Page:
It was the expert’s opinion that the teenager required further time in inpatient care, as he had “only just turned the corner.” She said she was aware the parents were “not on board” with the increase in the teen’s anti-psychotic medications, but that it had been necessary and she stood over her decision “100 percent.” She said the dosage was currently being tapered off and his medications reduced. The hope was that the parents would be able to increase their visits with the teen “slowly,” but it was her firm view the extension was necessary and proportionate. She asked that the court grant a further order allowing the use of restraints if necessary.

In cross-examination, the solicitor for the parents asked what was envisaged in terms of meeting with the parents and keeping them updated. The expert said she wanted to “sit down with them” to discuss the teen’s treatment, and intended to have a meeting alongside the clinical nurse. She added that she also regularly emailed the father so as to keep him updated, and she would continue to do so.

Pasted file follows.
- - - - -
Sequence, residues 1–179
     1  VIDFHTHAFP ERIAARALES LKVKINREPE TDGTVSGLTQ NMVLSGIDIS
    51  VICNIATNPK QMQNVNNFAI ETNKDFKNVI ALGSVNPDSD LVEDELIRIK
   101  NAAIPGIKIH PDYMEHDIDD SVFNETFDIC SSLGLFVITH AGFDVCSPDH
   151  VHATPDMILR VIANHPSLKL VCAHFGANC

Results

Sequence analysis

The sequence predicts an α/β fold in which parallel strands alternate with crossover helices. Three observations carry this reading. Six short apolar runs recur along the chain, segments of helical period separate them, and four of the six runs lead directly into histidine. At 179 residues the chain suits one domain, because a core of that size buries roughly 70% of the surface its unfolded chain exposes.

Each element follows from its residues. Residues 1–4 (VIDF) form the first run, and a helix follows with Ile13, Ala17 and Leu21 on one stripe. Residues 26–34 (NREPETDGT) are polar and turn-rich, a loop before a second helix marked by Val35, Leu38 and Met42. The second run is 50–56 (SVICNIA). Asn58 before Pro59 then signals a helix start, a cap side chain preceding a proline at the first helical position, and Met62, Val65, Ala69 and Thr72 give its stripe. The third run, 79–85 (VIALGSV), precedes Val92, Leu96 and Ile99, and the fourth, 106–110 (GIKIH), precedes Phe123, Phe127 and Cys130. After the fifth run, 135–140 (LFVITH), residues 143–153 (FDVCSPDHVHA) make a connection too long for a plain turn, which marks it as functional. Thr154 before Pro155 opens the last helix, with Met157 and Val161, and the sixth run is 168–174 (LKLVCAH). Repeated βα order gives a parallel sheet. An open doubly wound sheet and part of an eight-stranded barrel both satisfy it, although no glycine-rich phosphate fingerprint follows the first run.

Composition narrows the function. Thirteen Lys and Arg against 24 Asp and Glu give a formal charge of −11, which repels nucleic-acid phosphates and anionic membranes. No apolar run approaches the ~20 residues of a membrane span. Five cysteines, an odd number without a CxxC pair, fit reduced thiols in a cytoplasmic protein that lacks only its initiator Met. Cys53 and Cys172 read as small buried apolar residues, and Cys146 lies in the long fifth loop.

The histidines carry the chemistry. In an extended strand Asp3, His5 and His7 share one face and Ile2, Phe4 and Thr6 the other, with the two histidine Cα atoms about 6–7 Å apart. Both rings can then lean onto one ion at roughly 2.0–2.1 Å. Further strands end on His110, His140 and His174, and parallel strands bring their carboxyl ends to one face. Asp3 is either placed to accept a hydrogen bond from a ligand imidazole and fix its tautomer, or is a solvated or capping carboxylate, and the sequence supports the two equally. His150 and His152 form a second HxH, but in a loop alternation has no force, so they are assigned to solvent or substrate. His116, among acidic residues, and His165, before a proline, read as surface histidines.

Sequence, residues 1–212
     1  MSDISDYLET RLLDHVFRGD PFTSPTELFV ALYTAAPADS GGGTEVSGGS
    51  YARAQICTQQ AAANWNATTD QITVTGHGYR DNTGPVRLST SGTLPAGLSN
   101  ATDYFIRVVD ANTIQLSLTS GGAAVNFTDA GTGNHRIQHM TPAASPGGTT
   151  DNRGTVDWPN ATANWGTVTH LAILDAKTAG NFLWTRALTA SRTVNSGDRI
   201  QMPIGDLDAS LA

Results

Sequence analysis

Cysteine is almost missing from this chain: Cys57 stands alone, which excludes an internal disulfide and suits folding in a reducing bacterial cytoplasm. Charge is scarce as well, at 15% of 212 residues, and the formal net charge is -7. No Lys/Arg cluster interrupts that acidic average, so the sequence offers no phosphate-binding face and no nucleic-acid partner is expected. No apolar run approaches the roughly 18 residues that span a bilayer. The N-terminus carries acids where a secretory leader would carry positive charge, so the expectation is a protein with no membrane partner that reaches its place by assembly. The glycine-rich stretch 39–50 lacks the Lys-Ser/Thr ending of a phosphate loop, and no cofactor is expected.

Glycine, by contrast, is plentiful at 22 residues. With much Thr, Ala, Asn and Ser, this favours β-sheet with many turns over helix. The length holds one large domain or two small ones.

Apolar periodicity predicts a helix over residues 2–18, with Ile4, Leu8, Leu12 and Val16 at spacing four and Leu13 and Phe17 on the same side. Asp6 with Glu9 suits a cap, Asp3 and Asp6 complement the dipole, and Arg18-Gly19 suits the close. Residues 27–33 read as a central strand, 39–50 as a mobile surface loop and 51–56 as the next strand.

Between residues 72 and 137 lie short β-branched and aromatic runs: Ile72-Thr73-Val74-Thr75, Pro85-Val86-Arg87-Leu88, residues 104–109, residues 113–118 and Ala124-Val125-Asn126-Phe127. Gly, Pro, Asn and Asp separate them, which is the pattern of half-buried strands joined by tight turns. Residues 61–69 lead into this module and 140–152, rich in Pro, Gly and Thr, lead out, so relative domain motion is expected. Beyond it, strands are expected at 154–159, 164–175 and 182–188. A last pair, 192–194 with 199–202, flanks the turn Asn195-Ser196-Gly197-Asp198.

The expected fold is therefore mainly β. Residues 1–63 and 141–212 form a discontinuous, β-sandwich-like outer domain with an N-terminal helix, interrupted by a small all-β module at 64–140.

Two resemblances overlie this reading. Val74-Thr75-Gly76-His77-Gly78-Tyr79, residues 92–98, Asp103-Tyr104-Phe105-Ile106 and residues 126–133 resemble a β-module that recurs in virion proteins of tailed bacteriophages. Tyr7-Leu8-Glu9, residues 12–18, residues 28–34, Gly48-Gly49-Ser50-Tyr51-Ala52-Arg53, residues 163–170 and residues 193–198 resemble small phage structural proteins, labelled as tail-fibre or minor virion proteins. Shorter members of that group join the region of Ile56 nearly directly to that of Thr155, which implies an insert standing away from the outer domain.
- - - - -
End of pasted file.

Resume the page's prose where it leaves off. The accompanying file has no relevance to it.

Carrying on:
Solicitor for the parents: “If [the teen] makes sufficient improvements within the next six weeks would you be inclined to withdraw the order?”

Expert: “Absolutely.”

The solicitor said the parents had “huge concerns” over the high dosage of anti-psychotic drugs being administered to the boy, and asked the expert to confirm that he was no longer on these. The expert said she had “taken a lot of it away.” Asked whether she had any difficulty with a third opinion being obtained from a consultant psychiatrist, she said: “No, that would be very helpful.”

Father’s evidence  

The boy’s father said he only wished to address the court briefly. He said access had taken place that day and he thought his son “kind of recognised us.” He said the teen responded well to himself and his wife and let them “bathe him and give him food and water.” He said he hugged his son and told him to be patient and not to be rude to the staff.

He said he had “begged” the staff to allow him see his son for the last three weeks, but they would not allow any visits as he was so sick. He said he was “really angry” because he “just wanted to see him.” He said that he hoped the visits would continue now that they had recommenced.